Most people might not know who Harry Cover was, but they do know Super Glue–and he was the inventor of Super Glue! When Harry was a young boy, he loved many activities and sticking with the activities regardless of the obstacles. His favorite subject in school was chemistry and this led him to a job as a research chemist. During World War Two Harry was given the task of developing a very strong and durable plastic that could be used in the war effort. His efforts led him to create a substance that was extremely sticky (called “cyanoacrylate”)–something he could not use at the moment, but would resurface during later experiments. Years later, after much trial and error, Harry was able to use this sticky mess as an adhesive in so many ways. This glue could hold items together, help repair bones, help skin heal, reveal fingerprints on items, and it was even used to help repair a space shuttle. At the age of 92, Harry Cover received the National Medal of Technology and Invention.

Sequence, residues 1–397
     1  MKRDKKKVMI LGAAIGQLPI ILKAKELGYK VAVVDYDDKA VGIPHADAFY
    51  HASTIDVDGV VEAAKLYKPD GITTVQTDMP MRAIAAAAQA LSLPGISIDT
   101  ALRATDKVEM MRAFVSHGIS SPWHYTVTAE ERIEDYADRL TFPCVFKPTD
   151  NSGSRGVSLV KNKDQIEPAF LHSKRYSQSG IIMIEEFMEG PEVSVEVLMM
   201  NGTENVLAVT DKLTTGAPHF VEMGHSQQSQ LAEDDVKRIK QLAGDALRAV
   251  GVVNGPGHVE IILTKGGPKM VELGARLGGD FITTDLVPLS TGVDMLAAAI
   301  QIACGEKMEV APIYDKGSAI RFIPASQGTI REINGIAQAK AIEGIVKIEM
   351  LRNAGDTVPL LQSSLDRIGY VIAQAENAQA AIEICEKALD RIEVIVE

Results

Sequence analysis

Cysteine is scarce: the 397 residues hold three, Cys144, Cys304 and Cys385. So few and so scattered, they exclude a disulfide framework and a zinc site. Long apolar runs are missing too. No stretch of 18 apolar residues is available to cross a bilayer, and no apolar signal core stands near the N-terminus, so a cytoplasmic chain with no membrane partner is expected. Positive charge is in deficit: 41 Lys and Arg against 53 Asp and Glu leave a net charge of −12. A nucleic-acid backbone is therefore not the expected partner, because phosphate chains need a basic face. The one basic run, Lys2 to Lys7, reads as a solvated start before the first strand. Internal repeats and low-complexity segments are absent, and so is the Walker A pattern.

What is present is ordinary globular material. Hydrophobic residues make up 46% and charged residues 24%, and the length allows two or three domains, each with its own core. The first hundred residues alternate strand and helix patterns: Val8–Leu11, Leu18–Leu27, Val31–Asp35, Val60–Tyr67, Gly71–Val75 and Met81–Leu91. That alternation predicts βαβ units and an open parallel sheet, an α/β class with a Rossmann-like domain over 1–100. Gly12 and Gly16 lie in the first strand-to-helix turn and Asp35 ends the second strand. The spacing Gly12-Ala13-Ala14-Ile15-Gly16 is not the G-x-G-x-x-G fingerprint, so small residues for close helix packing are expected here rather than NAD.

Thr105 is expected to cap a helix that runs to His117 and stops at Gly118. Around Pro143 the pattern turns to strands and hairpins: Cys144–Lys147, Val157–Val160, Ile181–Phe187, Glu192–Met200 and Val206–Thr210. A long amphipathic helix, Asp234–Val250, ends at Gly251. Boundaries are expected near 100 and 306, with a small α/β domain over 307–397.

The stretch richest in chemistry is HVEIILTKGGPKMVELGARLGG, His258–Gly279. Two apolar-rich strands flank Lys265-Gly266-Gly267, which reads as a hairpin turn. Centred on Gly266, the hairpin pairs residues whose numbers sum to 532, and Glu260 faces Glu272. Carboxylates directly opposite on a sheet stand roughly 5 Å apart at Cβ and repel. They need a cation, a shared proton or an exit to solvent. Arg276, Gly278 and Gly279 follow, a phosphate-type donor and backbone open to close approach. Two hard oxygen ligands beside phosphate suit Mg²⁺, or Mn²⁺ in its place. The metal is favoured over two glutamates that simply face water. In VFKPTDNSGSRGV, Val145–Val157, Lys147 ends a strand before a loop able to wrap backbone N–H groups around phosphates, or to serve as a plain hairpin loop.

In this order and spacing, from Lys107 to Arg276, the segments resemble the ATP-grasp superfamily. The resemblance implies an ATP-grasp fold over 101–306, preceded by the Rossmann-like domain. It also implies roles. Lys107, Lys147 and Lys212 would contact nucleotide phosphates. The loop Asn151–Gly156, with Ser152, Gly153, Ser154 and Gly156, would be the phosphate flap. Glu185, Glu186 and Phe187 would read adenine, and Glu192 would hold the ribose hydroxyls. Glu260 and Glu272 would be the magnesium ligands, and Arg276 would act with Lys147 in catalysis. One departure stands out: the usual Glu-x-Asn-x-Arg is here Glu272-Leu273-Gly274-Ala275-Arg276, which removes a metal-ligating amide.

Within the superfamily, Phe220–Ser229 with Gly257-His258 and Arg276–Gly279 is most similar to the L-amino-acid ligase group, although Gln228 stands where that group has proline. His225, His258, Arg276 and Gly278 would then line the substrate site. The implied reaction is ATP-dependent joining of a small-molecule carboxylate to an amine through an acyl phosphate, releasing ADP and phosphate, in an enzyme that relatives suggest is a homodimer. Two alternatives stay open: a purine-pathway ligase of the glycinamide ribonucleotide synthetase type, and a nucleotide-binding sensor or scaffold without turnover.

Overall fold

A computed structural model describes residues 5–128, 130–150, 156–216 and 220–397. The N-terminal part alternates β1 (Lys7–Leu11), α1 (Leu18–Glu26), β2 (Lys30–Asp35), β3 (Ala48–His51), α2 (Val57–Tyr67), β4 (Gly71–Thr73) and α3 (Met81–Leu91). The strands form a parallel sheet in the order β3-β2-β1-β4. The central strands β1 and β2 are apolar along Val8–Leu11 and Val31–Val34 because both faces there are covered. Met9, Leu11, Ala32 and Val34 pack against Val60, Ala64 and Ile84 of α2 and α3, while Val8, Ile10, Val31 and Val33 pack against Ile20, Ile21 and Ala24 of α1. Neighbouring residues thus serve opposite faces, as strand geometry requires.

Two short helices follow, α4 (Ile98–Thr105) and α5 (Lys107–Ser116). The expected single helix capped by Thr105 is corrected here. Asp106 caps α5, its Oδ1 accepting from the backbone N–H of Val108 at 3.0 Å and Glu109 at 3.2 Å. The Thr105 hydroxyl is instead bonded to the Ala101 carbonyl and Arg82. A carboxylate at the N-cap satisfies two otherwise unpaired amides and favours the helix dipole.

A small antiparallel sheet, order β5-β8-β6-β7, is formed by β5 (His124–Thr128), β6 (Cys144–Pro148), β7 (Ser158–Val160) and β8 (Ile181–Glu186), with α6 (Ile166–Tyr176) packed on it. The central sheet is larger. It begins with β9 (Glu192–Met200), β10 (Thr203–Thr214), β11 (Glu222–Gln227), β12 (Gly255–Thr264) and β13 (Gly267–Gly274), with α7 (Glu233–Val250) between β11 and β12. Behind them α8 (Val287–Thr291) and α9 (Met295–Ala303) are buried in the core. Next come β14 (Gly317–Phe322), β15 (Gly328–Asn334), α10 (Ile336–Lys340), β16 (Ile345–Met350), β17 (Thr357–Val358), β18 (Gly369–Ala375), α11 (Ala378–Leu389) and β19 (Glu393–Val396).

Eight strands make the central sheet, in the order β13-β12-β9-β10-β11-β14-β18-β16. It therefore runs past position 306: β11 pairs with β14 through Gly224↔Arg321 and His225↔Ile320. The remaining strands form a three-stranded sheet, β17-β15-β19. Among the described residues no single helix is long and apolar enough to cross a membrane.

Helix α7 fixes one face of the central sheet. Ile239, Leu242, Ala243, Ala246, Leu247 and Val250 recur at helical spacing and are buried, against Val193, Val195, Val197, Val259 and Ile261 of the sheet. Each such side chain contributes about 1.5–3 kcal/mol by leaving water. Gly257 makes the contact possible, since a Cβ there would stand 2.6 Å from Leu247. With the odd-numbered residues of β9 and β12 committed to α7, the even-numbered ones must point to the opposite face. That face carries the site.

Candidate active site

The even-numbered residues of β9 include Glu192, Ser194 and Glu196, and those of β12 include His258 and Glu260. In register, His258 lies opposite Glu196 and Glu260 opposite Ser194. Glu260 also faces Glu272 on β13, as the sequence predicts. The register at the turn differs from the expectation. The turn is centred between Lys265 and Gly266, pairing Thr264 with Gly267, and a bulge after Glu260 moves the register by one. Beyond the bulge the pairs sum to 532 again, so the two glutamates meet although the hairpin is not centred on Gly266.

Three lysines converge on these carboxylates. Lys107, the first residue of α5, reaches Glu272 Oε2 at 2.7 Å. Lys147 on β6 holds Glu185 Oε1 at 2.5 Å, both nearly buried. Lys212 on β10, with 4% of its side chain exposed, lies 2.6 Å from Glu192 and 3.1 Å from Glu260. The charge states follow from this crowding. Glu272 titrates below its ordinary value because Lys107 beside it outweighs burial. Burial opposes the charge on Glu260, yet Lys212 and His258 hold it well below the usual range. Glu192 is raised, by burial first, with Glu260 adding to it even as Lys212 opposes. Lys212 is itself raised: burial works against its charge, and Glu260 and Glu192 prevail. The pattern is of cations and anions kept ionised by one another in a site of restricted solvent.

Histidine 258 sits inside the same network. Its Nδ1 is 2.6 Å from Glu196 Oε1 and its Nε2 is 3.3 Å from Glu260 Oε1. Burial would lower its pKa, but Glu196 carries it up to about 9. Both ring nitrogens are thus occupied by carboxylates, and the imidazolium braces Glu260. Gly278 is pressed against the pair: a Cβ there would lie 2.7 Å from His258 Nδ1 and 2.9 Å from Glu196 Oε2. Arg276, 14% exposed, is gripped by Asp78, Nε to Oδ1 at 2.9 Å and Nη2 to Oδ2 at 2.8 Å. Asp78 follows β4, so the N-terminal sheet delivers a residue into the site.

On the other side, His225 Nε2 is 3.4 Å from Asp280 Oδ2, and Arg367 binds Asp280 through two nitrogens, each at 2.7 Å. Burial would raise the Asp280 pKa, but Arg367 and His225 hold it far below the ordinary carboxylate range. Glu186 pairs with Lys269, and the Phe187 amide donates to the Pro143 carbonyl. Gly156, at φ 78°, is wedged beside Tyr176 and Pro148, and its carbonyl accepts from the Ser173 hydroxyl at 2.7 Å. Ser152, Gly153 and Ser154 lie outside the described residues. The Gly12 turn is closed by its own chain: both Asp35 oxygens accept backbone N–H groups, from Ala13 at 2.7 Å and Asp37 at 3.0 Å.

This book is about the invention of Super Glue, but it is really so much more. The story emphasizes the mistakes that happened along the way, but how Harry and the other scientists kept striving to achieve their goal. The story also shows how a “mistake” can turn into something important and very useful. This story somewhat reminds me of Beautiful Oops where children are encouraged to make something wonderful out of what it initially perceived as a mistake.
To whom would you recommend this book? This book is perfect for a wide range of children, maybe four years old and older. The message to keep trying even in the wake of defeats or mistakes is such an important lesson for young children to see.
Who should buy this book? Public and elementary school libraries, preschools, daycare centers, anyone who works with children over the age of four years old.
Should we (librarians) put this on the top of our “to read” piles? Yes, an interesting story with an important message as well.